Figure 3

TEM images of 1 mM hemopressin (A) and RVD-hemopressin (B) in 25 mM phosphate, 50 mM NaCl, pH 7.4.

Self-assembly and fibrillization of peptides and proteins are complex processes. Although many short peptides have been shown to self-assemble, they are mostly laboratory-derived fragments of larger proteins that exhibit self-assembly. Because hemopressin is a naturally occurring peptide found within the brain, a better understanding of the physiological role of its self-assembly is needed. It is intriguing to speculate about the mechanism of hemopressin self-assembly. For example, stacking interactions of aromatic residues are often driving forces for peptide fibrillization and thus the two phenylalanine residues may contribute to hemopressin self-assembly (Gazit 2007). However, RVD-hemopressin, which contains the hemopressin nonapeptide sequence and also has two phenylalanine residues, does not form fibrils under the same conditions. The distinct differences in fibrillization between these peptides suggest that the three additional residues, RVD, cause structural differences or ionic interactions in RVD-hemopressin that prevent fibril formation.

Peptide amyloid fibril formation is implicated in numerous diseases, including Alzheimer’s, Parkinson’s, prion diseases and Type II diabetes (Chiti and Dobson 2006). In Alzheimer’s, the self-assembly of the amyloid Aβ peptide leads to the formation of neurotoxic amyolid plaques. Inhibiting peptide self-assembly with small molecules and peptides has been a therapeutic strategy for treating Alzheimer’s (Rafii and Aisen 2009). If hemopressin self-assembly is physiologically relevant and has pathogenic properties, it may also be of therapeutic value to target the self-assembly of this bioactive peptide.


Many of the mechanisms underlying CB1-mediated pathways and their integration with other pathways remain unclear, including in terms of motivation, reward, and satiety. Although there remains excitement over the finding of peptide modulators of the cannabinoid system, additional research is necessary to better understand the generation and regulation of the peptide ligands, the reason for hemopressin’s inconsistent activity and how the hemopressin-related peptides modulate the cannabinoid receptors. It is possible that RVD-hemopressin and hemopressin differ in only three amino acids but elicit completely opposite responses at the CB1 receptor, namely agonist and inverse agonist effects. But to validate this concept, systematic structure-activity studies are needed which are likely to elucidate molecular basis for the action of hemopressin peptides at the CB1 receptors. The finding that the peptide agonists are involved in signaling pathways distinct from lipid-based and synthetic agonists suggests additional complexity of CB1 receptor-mediated signaling pathways. If the hemopressin peptides are indeed CB1-selective inverse agonists and agonists, is it possible to use them to develop therapeutics for treating cannabinoid-related disorders? It is critical to investigate the physiological relevance of self-assembly and fibril formation of hemopressin since finding answers to this question may facilitate additional biological studies and drug development of hemopressin.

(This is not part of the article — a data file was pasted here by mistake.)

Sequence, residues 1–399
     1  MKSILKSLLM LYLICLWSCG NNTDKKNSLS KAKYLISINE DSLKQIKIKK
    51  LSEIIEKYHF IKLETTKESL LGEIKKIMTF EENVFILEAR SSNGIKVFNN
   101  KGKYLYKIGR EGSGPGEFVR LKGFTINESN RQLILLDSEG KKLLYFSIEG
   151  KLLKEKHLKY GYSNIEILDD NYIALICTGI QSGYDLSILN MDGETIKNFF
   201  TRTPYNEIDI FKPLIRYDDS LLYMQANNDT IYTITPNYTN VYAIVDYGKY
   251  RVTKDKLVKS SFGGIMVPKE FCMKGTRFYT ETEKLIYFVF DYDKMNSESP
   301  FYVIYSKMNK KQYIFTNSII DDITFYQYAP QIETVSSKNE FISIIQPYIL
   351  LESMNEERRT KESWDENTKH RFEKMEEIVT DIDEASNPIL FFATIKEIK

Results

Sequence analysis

CADRE was established with support from the Commonwealth of Virginia.


Conflict of Interest statement: The authors declare that there are no conflicts of interest.


Publisher’s Disclaimer: This is a PDF file of an unedited manuscript that has been accepted for publication. As a service to our customers we are providing this early version of the manuscript. The manuscript will undergo copyediting, typesetting, and review of the resulting proof before it is published in its final citable form. Please note that during the production process errors may be discovered which could affect the content, and all legal disclaimers that apply to the journal pertain.



  • Bellmann-Sickert K, Beck-Sickinger AG. Peptide drugs to target G protein-coupled receptors. Trends Pharmacol Sci. 2010;31:434–41. [PubMed]
  • Blais PA, Cote J, Morin J, Larouche A, Gendron G, Fortier A, et al. Hypotensive effects of hemopressin and bradykinin in rabbits, rats and mice. A comparative study. Peptides.2005;26:1317–22. [PubMed]